Politics

Cruelty alert over declawed cats as Brits imported almost 600,000 felines from overseas last year


Cruelty alert over declawed cats as Brits imported almost 600,000 felines from overseas last year, including many subjected to the illegal process

  • Experts alarmed by burgeoning trade in smuggling kittens of designer breeds
  • They can cost up to £2,000, such as Scottish Fold, furless Sphinx and Bengal 
  • 590,000 cats imported last year from Bulgaria, Hungary, Latvia and Lithuania
  • Charity PDSA believes 31,000 were declawed due to demand for ‘house cats’

Britons imported almost 600,000 cats from overseas last year, including many subjected to the illegal process of declawing. 

Experts are alarmed by a burgeoning trade in kitten smuggling fuelled by the growing popularity of pedigree breeds costing up to £2,000, such as Scottish Fold, furless Sphinx, Bengal and Maine Coons. 

Just two per cent of the UK feline population were born abroad in 2020, but that has now risen to six per cent. 

Experts are alarmed by a burgeoning trade in kitten smuggling fuelled by the growing popularity of pedigree breeds costing up to £2,000, such as Maine Coons (file pic)

Experts are alarmed by a burgeoning trade in kitten smuggling fuelled by the growing popularity of pedigree breeds costing up to £2,000, such as Maine Coons (file pic)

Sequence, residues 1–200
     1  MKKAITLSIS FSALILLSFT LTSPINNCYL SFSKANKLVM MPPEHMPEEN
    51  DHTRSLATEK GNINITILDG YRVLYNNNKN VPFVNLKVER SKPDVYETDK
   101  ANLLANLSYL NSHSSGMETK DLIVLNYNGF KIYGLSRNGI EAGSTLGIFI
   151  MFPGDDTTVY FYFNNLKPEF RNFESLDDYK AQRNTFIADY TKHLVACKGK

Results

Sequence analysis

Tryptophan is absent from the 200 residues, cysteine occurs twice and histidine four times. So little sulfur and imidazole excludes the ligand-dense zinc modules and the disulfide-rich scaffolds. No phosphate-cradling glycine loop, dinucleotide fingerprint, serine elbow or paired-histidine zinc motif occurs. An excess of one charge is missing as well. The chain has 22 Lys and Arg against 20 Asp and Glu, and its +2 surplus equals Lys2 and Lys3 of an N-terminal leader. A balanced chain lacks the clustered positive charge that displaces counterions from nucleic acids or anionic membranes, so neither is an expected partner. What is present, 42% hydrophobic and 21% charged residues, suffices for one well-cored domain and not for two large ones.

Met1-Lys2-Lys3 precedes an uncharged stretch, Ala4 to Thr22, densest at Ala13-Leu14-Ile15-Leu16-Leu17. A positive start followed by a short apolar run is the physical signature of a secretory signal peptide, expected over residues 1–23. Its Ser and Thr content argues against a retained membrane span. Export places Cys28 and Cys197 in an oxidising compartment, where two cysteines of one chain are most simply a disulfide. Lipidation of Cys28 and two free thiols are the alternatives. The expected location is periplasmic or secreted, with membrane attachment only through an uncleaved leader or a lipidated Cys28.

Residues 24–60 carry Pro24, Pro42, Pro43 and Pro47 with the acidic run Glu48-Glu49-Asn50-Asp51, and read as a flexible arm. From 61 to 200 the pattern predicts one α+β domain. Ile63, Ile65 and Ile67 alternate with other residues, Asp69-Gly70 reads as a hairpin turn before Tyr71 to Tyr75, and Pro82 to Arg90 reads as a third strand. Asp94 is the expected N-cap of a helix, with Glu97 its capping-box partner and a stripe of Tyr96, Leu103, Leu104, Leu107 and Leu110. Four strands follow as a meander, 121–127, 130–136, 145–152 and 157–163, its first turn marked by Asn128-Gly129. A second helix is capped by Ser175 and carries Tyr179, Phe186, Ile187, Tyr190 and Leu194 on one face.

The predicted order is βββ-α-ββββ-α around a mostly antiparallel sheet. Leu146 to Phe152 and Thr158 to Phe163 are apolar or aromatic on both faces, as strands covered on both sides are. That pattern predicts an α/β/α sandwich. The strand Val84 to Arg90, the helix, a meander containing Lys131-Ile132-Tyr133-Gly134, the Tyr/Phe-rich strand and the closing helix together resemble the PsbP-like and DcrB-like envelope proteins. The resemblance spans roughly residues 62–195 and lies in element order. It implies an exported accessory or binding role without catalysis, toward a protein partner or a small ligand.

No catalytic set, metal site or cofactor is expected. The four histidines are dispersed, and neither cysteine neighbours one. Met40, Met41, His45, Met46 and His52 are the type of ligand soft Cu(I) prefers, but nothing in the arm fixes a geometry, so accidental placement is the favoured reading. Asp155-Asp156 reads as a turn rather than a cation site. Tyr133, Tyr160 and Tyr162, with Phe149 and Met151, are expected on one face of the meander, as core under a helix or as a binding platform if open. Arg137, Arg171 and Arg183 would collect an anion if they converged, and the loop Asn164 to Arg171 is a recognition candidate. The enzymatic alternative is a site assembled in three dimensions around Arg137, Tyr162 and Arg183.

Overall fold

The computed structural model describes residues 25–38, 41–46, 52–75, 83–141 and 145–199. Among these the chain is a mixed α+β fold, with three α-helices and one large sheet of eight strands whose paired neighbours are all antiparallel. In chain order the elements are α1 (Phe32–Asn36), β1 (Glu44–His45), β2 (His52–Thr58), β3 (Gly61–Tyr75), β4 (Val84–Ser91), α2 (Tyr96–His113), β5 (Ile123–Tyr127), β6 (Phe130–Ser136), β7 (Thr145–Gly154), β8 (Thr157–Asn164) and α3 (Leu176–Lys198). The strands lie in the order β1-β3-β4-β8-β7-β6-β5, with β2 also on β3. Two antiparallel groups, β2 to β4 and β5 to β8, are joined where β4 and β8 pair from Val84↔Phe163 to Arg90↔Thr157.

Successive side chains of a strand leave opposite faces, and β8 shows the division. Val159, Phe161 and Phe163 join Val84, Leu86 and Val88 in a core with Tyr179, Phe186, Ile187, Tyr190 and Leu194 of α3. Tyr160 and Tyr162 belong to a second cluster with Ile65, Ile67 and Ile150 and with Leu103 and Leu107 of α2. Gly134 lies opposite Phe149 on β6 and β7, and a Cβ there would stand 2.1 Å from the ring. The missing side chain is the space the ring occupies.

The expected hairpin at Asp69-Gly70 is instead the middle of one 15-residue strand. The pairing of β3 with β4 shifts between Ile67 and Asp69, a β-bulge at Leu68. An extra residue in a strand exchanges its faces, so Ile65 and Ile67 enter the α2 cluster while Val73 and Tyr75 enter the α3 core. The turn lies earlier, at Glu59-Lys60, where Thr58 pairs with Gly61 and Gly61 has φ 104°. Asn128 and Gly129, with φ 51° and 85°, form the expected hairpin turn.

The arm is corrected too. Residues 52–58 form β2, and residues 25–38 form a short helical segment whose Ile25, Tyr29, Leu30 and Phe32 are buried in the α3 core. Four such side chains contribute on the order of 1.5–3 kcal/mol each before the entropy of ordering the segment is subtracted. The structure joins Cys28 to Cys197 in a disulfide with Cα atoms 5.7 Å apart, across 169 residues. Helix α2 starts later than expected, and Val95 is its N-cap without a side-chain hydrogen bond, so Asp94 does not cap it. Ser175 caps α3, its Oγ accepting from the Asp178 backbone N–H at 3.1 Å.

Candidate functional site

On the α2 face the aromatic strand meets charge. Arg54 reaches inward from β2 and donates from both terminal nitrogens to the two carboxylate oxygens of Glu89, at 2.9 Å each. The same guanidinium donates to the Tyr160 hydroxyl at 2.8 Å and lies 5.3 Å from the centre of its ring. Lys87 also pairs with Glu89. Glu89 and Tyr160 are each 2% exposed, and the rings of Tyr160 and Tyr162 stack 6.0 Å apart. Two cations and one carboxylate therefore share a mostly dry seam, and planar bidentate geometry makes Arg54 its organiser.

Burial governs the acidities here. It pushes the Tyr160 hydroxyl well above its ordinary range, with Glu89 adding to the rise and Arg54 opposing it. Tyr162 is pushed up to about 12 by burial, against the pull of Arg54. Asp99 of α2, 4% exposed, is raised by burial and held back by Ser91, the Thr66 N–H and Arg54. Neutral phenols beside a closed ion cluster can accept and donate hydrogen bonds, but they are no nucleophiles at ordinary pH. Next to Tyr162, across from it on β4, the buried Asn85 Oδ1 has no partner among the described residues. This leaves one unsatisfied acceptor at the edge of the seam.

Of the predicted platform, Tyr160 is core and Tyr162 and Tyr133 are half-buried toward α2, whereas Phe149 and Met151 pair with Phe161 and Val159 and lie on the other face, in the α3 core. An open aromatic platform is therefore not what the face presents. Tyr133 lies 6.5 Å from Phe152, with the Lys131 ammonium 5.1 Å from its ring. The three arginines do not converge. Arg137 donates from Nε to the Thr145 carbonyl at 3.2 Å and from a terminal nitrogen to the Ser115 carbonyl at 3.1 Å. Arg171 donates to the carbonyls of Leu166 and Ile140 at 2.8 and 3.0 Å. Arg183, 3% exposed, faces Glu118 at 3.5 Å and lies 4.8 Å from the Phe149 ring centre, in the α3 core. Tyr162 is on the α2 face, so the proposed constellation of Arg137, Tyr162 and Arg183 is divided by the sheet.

Of the 590,000 cats imported last year from countries such as Bulgaria, Hungary, Latvia and Lithuania, the veterinary charity PDSA believes 31,000 were declawed, a practice banned in Britain, but being driven by a trend for more ‘house cats’. 

A decade ago, 15 per cent of cats were kept indoors, but that has risen to 28 per cent. 

Senior PDSA vet Dr Sean Wensley said: ‘We are concerned about the welfare of imported cats and the increased risk of spreading new diseases in this country.’ 

Declawing has been compared to cutting off someone’s toes or fingers. Side effects include loss of balance, back ache and stress. 

The charities Cats Protection and RSPCA have joined forces to demand tougher pet travel rules to prevent exploitation of cats by unscrupulous traders.  

They want cats to be at least six months old before they can enter Britain – up from 15 weeks – and a ban on pregnant and declawed animals. 

Declawing has been compared to cutting off someone’s toes or fingers, with side effects including loss of balance, back ache and stress. Pictured: A cat's claws are trimmed (file photo)

Declawing has been compared to cutting off someone’s toes or fingers, with side effects including loss of balance, back ache and stress. Pictured: A cat’s claws are trimmed (file photo)

Madison Rogers, acting head of advocacy at Cats Protection, said: ‘It is clear there is a growth in cat imports and we need tougher measures before the trade gets out of control.’ 

The Government has previously resisted a ban on declawed cats, but a consultation is now underway. 

A Defra spokesman said: ‘The Government takes animal welfare very seriously and we operate one of the most robust pet travel check regimes in Europe.’

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